Review of Conversations with People Who Hate Me @atriabooks @dylanmarron

Conversations with People Who Hate Me by Dylan Marron is not a book I would normally review because, as you may have noticed, I love and review fictional escapism (or about nature and dogs, heh). However, when a publisher reaches out to me with a book that may be out of my comfort zone or expand my mind’s universe, I consider it from the angle of being a should read rather than a want read. And, then will this book help me to understand narratives from other diverse, perspectives? (Mind you, somedays I just say “yes” or “no” without all the hemming and hawing. 😉

Conversations with People Who Hate Me
Dylan Marron
March 29, 2022
Atria Books


Blurb: Dylan Marron’s work has racked up millions of views and worldwide support. From his acclaimed Every Single Word video series highlighting the lack of diversity in Hollywood to his web series Sitting in Bathrooms with Trans People, Marron has explored some of today’s biggest social issues.

Yet, according to some strangers on the internet, Marron is a “moron,” a “beta male,” and a “talentless hack.” Rather than running from this online vitriol, Marron began a social experiment in which he invited his detractors to chat with him on the phone—and those conversations revealed surprising and fascinating insights.

Now, Marron retraces his journey through a project that connects adversarial strangers in a time of unprecedented division. After years of production and dozens of phone calls, he shares what he’s learned about having difficult conversations and how having them can help close the ever-growing distance between us.

Charmingly candid and refreshingly hopeful, Conversations with People Who Hate Me will serve as both a guide to anyone partaking in dif­ficult conversations and a permission slip for those who dare to believe that connection is possible.

Purchase Links:
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I didn’t learn anything regarding Dylan Marron’s background or even the book itself before reading. I presumed that it might be about a man’s ultimately humorous encounters with people who left hateful comments. Wrong.

What Marron has attempted to do is explore situations in which humanity seems to have left the building. Can two people of opposing viewpoints have a real conversation about the source of their viewpoints? Can they see the other side? Put themselves in another’s position? Rational conversations between people of opposing views are a rarity these days. I think a lot of this is due to the internet–faceless people spewing anger, frustrations, etc., at other faceless people–as well as media manipulation (definitely a conversation for another day).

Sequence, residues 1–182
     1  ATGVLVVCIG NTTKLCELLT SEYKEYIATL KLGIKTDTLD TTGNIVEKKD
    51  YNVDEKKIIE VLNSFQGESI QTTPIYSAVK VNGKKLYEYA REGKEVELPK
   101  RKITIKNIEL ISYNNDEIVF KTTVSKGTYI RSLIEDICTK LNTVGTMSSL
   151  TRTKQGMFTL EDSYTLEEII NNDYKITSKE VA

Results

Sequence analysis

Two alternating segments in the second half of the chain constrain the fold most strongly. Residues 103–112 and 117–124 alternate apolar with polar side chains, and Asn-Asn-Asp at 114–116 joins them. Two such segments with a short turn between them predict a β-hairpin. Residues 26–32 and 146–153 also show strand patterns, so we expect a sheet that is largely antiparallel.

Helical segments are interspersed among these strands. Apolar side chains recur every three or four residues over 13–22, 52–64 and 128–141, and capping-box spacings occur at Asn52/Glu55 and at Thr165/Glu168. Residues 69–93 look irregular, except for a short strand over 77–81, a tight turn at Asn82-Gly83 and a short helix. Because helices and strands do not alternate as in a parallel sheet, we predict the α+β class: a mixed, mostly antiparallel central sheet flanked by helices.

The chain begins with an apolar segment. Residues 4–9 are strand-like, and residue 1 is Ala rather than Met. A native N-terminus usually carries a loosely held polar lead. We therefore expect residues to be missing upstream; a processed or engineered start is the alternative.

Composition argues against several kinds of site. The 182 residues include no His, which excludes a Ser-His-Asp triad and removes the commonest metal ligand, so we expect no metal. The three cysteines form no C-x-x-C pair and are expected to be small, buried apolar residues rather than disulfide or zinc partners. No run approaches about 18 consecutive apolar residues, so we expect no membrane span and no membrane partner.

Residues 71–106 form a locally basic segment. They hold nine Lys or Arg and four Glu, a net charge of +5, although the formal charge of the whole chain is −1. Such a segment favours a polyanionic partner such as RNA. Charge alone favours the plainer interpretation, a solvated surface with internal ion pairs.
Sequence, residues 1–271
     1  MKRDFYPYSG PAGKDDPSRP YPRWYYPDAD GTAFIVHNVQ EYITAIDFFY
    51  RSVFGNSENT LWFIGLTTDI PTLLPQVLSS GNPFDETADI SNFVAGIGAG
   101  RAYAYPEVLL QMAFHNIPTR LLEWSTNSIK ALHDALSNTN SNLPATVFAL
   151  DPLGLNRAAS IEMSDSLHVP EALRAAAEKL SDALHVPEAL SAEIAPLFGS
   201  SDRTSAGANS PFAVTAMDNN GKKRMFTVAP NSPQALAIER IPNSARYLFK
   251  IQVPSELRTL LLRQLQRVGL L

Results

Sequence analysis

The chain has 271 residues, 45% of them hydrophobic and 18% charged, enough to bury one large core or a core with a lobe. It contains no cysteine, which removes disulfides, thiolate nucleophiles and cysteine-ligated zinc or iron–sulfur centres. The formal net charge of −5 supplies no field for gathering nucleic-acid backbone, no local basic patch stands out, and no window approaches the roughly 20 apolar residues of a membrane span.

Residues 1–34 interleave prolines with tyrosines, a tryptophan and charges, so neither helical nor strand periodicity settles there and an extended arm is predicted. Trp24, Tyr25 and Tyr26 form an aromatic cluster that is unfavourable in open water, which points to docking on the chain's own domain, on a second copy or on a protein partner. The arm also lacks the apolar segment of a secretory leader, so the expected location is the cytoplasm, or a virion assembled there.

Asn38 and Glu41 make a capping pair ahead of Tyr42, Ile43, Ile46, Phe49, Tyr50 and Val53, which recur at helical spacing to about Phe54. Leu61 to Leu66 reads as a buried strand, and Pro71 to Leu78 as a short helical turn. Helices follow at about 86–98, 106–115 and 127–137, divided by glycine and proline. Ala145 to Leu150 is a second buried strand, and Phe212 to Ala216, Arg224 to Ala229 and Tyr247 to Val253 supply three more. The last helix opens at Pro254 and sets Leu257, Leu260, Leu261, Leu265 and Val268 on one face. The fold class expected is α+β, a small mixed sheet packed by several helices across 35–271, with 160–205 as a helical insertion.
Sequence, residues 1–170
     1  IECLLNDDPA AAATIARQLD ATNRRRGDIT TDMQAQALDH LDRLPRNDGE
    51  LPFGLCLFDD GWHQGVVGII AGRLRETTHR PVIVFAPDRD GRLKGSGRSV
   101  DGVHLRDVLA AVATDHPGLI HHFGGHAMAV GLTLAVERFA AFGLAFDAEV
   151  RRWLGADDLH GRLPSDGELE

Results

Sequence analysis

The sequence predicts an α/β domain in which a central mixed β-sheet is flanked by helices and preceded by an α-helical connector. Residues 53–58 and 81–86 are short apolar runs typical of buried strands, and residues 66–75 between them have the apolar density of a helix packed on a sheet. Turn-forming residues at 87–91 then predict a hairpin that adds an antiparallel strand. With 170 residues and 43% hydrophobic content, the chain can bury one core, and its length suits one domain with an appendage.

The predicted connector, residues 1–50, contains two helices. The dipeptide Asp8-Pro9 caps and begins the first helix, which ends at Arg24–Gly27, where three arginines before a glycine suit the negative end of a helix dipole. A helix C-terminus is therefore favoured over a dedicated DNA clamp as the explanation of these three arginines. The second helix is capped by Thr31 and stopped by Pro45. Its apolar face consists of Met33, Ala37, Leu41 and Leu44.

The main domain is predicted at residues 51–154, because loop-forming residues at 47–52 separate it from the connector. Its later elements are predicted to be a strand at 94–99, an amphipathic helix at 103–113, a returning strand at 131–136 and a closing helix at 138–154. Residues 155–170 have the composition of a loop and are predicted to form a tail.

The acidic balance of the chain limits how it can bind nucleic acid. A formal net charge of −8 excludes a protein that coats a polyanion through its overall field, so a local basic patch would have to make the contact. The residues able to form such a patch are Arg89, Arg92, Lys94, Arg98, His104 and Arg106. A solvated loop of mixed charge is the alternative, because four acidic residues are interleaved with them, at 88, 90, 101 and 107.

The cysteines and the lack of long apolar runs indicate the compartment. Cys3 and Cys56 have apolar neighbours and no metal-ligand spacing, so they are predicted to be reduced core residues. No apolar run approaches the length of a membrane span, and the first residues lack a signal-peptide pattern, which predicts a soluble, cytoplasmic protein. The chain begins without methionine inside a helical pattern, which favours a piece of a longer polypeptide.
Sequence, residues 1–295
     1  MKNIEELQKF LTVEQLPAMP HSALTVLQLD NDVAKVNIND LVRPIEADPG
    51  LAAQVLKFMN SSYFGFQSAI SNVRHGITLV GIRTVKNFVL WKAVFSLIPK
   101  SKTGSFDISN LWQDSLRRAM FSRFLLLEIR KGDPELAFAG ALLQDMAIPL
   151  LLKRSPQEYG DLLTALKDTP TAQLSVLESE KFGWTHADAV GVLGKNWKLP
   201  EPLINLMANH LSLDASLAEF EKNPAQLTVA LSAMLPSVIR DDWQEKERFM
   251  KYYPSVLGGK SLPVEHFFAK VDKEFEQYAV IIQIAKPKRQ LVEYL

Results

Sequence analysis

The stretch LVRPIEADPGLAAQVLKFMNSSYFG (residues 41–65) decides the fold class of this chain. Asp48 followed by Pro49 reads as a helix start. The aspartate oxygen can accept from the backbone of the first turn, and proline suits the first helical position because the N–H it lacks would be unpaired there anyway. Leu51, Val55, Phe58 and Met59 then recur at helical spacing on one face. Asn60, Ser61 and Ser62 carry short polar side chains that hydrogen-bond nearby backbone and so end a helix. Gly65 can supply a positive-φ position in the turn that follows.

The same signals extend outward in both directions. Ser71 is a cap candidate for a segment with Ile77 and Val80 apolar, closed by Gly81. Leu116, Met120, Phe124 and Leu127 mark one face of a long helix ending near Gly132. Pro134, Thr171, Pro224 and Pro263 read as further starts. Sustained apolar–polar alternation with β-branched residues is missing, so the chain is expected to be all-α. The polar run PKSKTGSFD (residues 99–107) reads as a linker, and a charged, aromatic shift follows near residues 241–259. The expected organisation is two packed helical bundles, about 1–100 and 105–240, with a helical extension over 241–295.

Marron explores thoughts on empathy–how do people’s opinions/viewpoints change when they talk with real people? Walk for a few minutes in someone else’s shoes? Hear about the books they read, the shows they watch. Understand that the person to whom they expressed vitriol is a human being with feelings.

Beyond this, Marron deals with his own issues. Does empathizing and actually liking someone who has expressed hatred of you endorse them and what they stand for? While to many of us it shouldn’t (especially those of us from the Before Times (before Internet)), Marron discovers amongst his peers that empathy can be endorsement. In tandem some of the worst and most offensive critics can be those who seem to share one’s ideologies and shut down conversations that aren’t in total agreement with their point of view.

Marron also explores ideas of cancel culture, public shaming, silence as acceptance in an activist’s world, hurt people hurt, and why being a snowflake isn’t so bad as long as you aren’t surrounded a huge group of intimidating snowflakes out for blood (thankfully a rarity with real snowflakes).

In a world littered with passive-aggressive behavior, cancel culture, and public shaming, there is something wonderful about the idea of toning it down, having real dialogues, understanding that on the other side of hate-rhetoric is a human being. What a fantastic idea that we could all live up to the potential of actually being as great of a species as we think we are with our so-called higher brain capacity!

I can’t say that I came away more aware by the end of Conversations with People Who Hate Me but I certainly felt the bravery and sincerity of someone who was putting himself out there to make a difference. Maybe trying to make a difference, opening up small spaces for first steps, will be a pay it forward.

Lastly, and I know I said the whole thing about the Internet would be a conversation for another times, but at one point Marron sheds social media and feels some of the stress and pressure eased immediately. I’ve done this. All of the tuning out means that you can tune in to what’s really important and it most definitely isn’t what’s happening in virtual vitriolic viral worlds.

All in all, a good book, marred only at the beginning by some repetition and at the end by some circularity that did, however, spawn interesting passages and thoughts.

I received an ARC in exchange for an honest review.


Four Butterflies and a Ladybug

6 Comments

  1. I’m glad you went out of your comfort zone to read and review this book. A study in empathy, among other things, should always be welcome. At the very least, so we keep exploring it and talking about it.

    1. I agree. Everyone seems to treat political differences like a game to be won and nothing gets done and people get hurt. If empathy came into the mix (or open minds), who knows what could be achieved.

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